There are centers to treat young people whose excessive games, social media, and online activities are affecting their health and daily lives at home and school. These devices appear to activate the brain’s reward system. It works like a lever on a slot machine at the casino – you’re so close to making it big! Just a little longer…and a young person’s brain lacks the self-control to help them stop that kind of obsessive behavior.
But what about adults? We’re past that brain development stuff. We have more self-control. But we are models for our kids. Are we modeling good digital behavior ourselves?
One healthy habit that adults can cultivate this year is to decrease screen time. I started limiting my personal Facebook browsing to night (which I soon learned is not good for me sleep) and early morning for a very limited amount of time. But as I decreased my time on social media, I found that I really didn’t need to be on social media. I don’t automatically look at my phone when I bored – I might pick up a book instead or get busy cleaning something (never a bad thing!). I try to put my phone down where I can’t reach it easily when I get home in the evenings.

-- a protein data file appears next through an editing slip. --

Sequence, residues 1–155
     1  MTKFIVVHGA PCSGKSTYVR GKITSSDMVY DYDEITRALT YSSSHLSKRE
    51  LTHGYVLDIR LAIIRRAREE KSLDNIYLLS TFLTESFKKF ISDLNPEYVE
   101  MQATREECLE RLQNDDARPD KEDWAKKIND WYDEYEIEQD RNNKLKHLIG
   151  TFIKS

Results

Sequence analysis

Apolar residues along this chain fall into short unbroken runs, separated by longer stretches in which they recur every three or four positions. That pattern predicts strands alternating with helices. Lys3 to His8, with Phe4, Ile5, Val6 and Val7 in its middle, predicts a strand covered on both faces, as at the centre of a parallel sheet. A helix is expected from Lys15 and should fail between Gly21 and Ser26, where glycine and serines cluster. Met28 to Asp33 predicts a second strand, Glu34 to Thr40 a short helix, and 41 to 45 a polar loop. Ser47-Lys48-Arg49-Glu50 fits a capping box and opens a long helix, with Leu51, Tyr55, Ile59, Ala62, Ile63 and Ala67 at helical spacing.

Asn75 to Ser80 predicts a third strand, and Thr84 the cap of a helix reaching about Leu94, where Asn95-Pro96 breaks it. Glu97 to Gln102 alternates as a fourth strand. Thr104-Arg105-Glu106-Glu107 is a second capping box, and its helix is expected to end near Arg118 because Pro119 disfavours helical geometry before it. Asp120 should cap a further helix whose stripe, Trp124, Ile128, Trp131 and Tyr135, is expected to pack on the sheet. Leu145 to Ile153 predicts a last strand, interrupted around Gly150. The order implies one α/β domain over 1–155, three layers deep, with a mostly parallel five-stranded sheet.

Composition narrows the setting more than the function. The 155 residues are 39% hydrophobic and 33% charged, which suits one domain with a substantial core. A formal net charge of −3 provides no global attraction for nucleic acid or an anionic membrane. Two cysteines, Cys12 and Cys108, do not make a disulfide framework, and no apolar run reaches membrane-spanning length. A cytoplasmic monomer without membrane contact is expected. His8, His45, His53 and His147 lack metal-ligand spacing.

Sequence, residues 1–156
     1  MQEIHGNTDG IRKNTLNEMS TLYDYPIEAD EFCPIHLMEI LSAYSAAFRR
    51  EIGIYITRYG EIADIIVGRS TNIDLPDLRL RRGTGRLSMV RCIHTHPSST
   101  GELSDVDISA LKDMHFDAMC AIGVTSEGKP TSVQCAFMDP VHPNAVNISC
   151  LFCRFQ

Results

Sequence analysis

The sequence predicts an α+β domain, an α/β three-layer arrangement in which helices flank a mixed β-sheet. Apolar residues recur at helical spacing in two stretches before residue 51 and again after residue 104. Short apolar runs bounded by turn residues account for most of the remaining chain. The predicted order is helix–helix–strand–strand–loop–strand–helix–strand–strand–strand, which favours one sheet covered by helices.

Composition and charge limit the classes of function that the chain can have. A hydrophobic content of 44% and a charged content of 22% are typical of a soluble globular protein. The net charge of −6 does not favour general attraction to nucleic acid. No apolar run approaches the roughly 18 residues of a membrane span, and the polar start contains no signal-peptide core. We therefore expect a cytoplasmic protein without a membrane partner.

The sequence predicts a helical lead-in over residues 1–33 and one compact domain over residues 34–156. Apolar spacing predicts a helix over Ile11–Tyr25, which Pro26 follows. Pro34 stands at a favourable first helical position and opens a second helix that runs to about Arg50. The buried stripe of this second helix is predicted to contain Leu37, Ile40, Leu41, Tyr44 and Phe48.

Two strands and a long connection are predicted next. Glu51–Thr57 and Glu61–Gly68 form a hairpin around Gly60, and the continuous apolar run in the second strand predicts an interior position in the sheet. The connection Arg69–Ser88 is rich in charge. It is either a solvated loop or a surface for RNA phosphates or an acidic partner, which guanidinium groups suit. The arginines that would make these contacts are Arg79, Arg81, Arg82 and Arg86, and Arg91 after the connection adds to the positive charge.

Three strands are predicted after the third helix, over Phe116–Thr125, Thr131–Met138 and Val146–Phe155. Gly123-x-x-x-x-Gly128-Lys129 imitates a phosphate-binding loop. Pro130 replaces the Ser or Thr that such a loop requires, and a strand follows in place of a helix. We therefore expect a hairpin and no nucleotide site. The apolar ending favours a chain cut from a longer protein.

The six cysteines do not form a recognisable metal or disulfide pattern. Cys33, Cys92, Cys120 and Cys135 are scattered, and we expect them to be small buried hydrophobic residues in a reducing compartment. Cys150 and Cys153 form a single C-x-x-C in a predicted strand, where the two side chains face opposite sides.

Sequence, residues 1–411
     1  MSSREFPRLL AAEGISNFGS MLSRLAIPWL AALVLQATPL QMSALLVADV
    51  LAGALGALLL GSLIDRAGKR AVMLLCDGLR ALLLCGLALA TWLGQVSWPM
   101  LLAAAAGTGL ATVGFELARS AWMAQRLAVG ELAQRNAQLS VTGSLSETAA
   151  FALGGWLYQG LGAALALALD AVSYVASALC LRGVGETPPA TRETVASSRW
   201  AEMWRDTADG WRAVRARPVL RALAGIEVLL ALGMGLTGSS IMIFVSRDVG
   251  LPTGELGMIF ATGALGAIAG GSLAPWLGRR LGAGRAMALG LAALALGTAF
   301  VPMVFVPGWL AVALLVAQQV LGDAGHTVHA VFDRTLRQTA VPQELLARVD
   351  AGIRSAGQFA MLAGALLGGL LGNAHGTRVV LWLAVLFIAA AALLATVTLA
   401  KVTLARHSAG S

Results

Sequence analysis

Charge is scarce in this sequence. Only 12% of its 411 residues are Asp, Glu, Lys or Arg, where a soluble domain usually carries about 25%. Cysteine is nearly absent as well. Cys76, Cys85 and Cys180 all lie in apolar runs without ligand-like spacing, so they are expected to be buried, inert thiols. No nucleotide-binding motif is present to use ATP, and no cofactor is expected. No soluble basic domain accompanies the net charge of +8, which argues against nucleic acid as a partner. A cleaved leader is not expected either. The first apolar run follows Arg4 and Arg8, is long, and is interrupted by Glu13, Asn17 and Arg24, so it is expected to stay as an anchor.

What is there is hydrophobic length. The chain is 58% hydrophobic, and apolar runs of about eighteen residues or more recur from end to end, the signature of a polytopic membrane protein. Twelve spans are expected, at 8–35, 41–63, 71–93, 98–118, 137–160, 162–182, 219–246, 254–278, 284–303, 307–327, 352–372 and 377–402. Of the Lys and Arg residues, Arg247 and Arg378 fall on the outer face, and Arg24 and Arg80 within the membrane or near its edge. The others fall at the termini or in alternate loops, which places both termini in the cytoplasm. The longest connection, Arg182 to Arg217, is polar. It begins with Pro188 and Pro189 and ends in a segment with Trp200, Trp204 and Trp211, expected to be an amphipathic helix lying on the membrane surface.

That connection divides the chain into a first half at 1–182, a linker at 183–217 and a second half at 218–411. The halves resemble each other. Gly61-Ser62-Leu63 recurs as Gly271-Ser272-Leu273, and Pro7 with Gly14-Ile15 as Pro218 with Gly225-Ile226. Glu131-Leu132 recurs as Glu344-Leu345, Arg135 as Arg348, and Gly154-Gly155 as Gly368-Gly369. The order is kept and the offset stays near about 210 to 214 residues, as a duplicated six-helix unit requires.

Another good habit to model is to be present. We all know people that can’t get away from the phone – it’s almost permanently attached to their hands! A conversation is start-stop-pause while they look something up, and you may feel like they aren’t even listening. Is it really a conversation if you have to compete with a phone?
What can YOU do for yourself and your kids? Here are some great digital habits to cultivate:
- Emphasize fact-to-face interactions – sports, music, religious groups, extra-curricular activities, part-time jobs, or just getting together with friends.
- Model good non-phone use – have a “no devices at the dinner table” rule (you included).
- Use the time you have – use time in the car to visit with each other (no earbuds). You may want to check into conversation starters if you’re a little rusty!
- Talk to your family about the dangers of too much screen time – don’t just restrict access. Have a conversation about why this is important.
- Encourage family activities – plan a meal, cook dinner together, play board games, play ball in the yard, etc. Make a list of activities that your family can do together without devices, and let everyone contribute. Then post the list and start marking things off as you do them.
- Be the bad guy – let your teens blame you if their friends ask why they aren’t using their devices as much. You may even need to take the phone away at night, if teens can’t control their use (and remember, their brains are still developing that self-control – so it’s okay to help them with strict limits).
- Limit screen time to 1 to 2 hours a day – no more. Plan the amount of TV that you and your family watch and select only the shows that help you to get the best out of what TV has to offer.
What screen habits can YOU change? Let me know over on my Facebook page.